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Firepot Question


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I'm working on getting my new forge just right. It's a large brake drum forge, as you can see from the early picture which is a little difficult to understand as the plate is not bolted to the drum and the grate has not been drilled into the stainless steel. It has a 4mm steel bottom with a 1/4" stainless plate with the grate drilled into it which attatches to the air pipe underneath which is also stainless. I lined it with a couple of inches of fire cement to give it a lining and to make a firepot shape in an otherwise flat forge. I burn coke.

Unfortunately, the fire cement that forms the firepot gets impregnated with clinker and cracks under the heat, leaving me with a bigger and bigger firepot! I need something that will not need to be relined all the time and is easier to clean- this is the plan. Chip away most of the cement, weld up a rectangular firepot out of 1/4"-1/2" sheet steel, about 3" square at the bottom to leave the grate and some of the stainless surrounding it exposed, then seal the pot in place by surrounding it with fire cement.

What worries me is that the heat that this produces is ridiculous. First of all, will the plate be up to the job? Second, although the bottom of the forge is protected with fire cement, the stainless plate is exposed to the full heat of the fire and bolts to the thinner plate, heating it up. Am I being far to cautious or should I be worried about this? I've even considered ways of cooling the bottom, I have the most powerful 24V fan known to man which I could point at it, I've even considered some kind of watercooling jacket around the top of the airpipe to conduct heat away rather than heating up the plate.


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If you have the tools to weld up a fire pot out of steel, why are you using a brake drum?

The fire pot grate at the bottom can be a piece of 1/4" plate just like the sides of the pot. I prefer mine to be removable, though.

Sealing with fire cement isn't necessary at all as any cracks or crevices would soon fill with ash.

Unless I'm missing something in your post. Seems like the best thing you could do would be to weld up a fire pot using the thickest metal you have on hand. Then sink that fire pot into a thin sheet metal table top (cookie sheets work well, as do 55g drum lids, and doors from appliances). Not only would that give you a simple forge, but you'll love having a fuel storage area off to the side.

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Using the brake drum primarily to save space as I am extremely challenged for it! This brake drum is huge as it's from a bus, so I can have a 7"x8" fire pot with plenty of room for storing that coke to drag over.

My concern is for the 4mm plate along the bottom, I'm worried that it will overheat due to the heat coming through the stainless grate which is bolted onto the 4mm plate and cause it to sag.

The fire cement is to fill the space- it raises the bottom a few inches and allows for a firepot to be installed.

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The 4mm plate will burn up and degrade with time, but that's going to be a long time. I'm not familiar enough with stainless steel to say how it will take the heat, but I'm confident that it will do better than the mild steel.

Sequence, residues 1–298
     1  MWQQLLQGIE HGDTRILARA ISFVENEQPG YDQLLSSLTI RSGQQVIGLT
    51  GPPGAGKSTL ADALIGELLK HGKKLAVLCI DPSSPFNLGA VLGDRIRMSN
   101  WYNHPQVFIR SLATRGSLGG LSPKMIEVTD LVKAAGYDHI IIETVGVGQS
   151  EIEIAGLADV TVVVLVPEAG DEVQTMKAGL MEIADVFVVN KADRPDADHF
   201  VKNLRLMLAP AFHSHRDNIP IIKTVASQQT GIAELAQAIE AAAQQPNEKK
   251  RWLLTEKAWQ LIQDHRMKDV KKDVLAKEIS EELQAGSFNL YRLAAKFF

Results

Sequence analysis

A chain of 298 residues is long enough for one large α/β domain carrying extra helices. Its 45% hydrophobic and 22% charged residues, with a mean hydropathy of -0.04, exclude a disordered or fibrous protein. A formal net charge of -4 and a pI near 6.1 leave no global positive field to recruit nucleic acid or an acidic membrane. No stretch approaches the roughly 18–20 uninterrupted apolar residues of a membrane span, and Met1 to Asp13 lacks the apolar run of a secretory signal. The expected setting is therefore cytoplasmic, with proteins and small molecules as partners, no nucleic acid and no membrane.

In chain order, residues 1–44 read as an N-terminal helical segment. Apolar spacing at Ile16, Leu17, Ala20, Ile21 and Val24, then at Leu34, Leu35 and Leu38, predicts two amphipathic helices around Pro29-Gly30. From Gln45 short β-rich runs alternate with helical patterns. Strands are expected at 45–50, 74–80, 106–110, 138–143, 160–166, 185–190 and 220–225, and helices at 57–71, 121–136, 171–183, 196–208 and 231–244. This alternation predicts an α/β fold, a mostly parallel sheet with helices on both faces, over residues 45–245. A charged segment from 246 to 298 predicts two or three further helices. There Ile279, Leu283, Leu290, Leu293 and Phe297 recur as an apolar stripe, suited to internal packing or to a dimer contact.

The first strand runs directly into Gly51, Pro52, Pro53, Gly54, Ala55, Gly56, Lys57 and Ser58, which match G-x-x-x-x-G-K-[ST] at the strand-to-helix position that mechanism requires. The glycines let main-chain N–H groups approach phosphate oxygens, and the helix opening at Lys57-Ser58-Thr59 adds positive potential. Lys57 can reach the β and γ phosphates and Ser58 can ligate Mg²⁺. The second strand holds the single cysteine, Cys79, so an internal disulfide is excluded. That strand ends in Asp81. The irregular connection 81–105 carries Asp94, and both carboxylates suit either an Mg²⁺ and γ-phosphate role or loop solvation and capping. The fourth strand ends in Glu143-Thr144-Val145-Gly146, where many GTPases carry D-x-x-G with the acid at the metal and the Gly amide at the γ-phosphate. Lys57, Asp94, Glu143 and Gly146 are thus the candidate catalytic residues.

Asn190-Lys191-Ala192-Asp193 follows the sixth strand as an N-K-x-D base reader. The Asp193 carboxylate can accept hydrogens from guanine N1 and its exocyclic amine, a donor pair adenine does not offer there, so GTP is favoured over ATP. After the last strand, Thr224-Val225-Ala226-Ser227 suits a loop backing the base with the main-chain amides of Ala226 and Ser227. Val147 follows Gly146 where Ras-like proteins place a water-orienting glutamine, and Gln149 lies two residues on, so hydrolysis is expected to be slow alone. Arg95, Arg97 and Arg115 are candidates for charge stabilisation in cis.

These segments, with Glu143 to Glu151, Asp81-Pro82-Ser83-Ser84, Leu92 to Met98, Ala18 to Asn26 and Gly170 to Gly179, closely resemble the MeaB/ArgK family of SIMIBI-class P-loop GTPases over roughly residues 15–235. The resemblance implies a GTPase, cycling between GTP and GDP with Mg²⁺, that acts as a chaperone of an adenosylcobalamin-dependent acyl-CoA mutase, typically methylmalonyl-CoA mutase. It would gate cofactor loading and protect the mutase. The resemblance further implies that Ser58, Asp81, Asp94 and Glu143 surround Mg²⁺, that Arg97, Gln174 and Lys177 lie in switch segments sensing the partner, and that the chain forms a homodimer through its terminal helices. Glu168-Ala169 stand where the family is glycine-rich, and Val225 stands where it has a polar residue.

The large brake drum is what stumps me, though. That's a lot of weight that serves no purpose because you're putting a fire pot inside of it. Space being at a premium, as you say, I can't see how using that "huge" drum helps. As a forge, on it's own, it is simply too large to function effectively as a fire pot; that's why you see folks using smaller drums from cars and trucks. If you have the capability to weld up a fire pot like you see sold commercially, placing that fire pot into a cookie sheet or dryer door won't appreciably increase the forge's footprint. What it will do, however, is give you a lighter forge that's easier to move around and has room to the sides for tool and fuel storage.

Of course, that's just me thinking out loud.

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New member here...I have been reading on here for a few weeks now.

I am in the process of collecting the parts and pieces to build a forge in the next few months. My first plan of attack is practice then building my self some basic tools to use. I have read many of the forge building posts here and can't seem to answer the following question...

Mant posts say a 10"-12" brake drum is too small and has no extra fuel capacity but a large {lets say 18"} truck drum is too large. A Centaur C-36 forge has a 8"x10"x4" bowl (smaller than a medium brake drum), is this forge too small also? These all seem to be contradictory statements, what am I missing.

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What you are missing is that the centaur forge firepot gets mounted in a forge allowing fuel to be piled around it even higher. A lot of brake drum firepots are used alone and so limit the depth of fuel used.

You can of course mount the drum in a fireproof table set up and so use it only as the firepot. Or you can put in a sheetmetal fence to make it deeper but still have access through a gap to the hot spot.

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